FORT CARSON, Colorado — During Joint Warfighting Assessment 2021, a U.S.-led multi-national division conducted tactical operations in a live, virtual and constructed environment, replicating mission threads across all domains, to enhance coalition network interoperability and a trusted common operational picture.
“The Army will always fight as a member of the combined joint force alongside allies and partners, so it’s important [that] we continue learning and improving our human, procedural and technical interoperability as a single entity,” said Maj. Gen. Matthew McFarlane, commander of the U.S. 4th Infantry Division, which led the multinational division. “This exercise improved our ability to not only fight tonight, but also in the future as we modernize our Army.”
JWA is one of the Army’s largest joint multinational exercises and alternates each year between the European and Indo-Pacific areas of operation. This year’s JWA was set in an Indo-Pacific 2028 operational environment against a near peer threat to demonstrate and assess the Multi-Domain Operations concept and supporting integrated Mission Partner Network capabilities.
Participants included armies from the U.S., United Kingdom, Australia and Canada. The exercise, which concluded last week, was conducted at Fort Carson, Colorado; Schofield Barracks, Hawaii; and Joint Base Lewis-McChord, Washington.
During JWA21, the U.S. Army conducted operational assessments on several network capabilities managed by Program Executive Office Command, Control, Communications-Tactical (PEO C3T), including two critical to coalition interoperability – the Commercial Coalition Equipment (CCE) network enclave and Command Post Computing Environment (CPCE) software.
The Army flexed these systems in the Mission Partner Environment and injected an operational threat with contested cyber and electromagnetic activities. As part of the Army’s network modernization strategy, enhancements to the Mission Partner Environment are supporting joint and coalition interoperability, enabling mission partners to share information through all phases of operations more fluidly, rapidly and effectively.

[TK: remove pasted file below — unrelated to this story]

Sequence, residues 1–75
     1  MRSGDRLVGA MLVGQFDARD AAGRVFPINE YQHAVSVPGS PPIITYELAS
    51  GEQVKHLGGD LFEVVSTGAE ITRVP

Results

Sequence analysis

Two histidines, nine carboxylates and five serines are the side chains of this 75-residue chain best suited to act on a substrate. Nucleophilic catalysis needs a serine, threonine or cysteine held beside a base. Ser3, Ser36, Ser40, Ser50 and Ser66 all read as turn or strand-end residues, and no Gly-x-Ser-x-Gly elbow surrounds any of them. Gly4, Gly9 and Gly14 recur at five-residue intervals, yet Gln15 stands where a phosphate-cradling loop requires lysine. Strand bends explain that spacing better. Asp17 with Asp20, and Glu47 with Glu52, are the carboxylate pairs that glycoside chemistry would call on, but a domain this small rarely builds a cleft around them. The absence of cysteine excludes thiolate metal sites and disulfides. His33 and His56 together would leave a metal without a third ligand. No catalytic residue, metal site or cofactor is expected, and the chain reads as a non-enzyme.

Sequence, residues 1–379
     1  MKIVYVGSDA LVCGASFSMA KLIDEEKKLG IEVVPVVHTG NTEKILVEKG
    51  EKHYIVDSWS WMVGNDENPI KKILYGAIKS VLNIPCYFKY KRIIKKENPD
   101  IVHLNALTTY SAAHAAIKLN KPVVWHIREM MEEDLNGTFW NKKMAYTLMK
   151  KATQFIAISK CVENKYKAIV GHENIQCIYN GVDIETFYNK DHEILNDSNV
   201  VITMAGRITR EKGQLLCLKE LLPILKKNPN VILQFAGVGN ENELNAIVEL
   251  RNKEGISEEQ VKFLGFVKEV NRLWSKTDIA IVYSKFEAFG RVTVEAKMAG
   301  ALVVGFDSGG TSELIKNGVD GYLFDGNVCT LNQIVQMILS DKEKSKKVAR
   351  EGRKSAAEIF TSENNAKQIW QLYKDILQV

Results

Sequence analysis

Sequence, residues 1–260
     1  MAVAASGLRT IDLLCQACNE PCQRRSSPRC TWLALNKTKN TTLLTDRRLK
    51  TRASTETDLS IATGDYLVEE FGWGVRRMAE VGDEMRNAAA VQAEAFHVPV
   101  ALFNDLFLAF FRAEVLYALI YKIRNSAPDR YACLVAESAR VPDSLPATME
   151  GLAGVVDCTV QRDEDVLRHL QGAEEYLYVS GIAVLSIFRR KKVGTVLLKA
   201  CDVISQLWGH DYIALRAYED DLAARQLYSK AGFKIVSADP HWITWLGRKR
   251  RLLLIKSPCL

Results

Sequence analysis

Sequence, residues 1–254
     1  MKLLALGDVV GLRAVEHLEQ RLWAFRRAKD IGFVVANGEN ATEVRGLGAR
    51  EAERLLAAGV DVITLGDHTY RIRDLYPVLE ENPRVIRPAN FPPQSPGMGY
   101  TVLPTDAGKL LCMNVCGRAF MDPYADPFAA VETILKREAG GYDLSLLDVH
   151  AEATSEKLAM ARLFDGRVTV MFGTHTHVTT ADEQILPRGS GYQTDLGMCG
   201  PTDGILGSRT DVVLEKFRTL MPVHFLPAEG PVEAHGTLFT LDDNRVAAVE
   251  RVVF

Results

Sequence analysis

“Getting these tools dirty…handing them to the warfighters to provide feedback, will inform senior leaders, so they can make [sound] modernization decisions moving forward,” McFarlane said.
Technical and Soldier feedback from the operational assessments will inform program milestones and the Capability Set 23 (CS23) network design decisions. CS23 — the second installment in the Army’s iterative two-year network modernization capability set acquisition and fielding process — builds upon CS21 advances in more expeditionary and intuitive capabilities to increase network capacity, convergence and resiliency.
As part of the CPCE operational assessment, U.S. and coalition Soldiers used the system to access common collaboration tools and securely share information onto the common operating picture, known as the COP, to help the coalition fight as one force. The Army first introduced the versatile CPCE framework as part of CS21, to reduce complexity and the amount of hardware in a command post, while improving coalition interoperability.
“The friction that is there as [different nations] start trying to integrate to get the COP is absolutely normal, and … being here in one location to do this is how you find solutions,” said Brig. Jason Blain, 7th Australian Combat Brigade commander. “To look at what each nation brings to the party in regards to a solution that works, and then documenting [that] across a multinational division…is how we get a stronger, more coherent COP going forward.”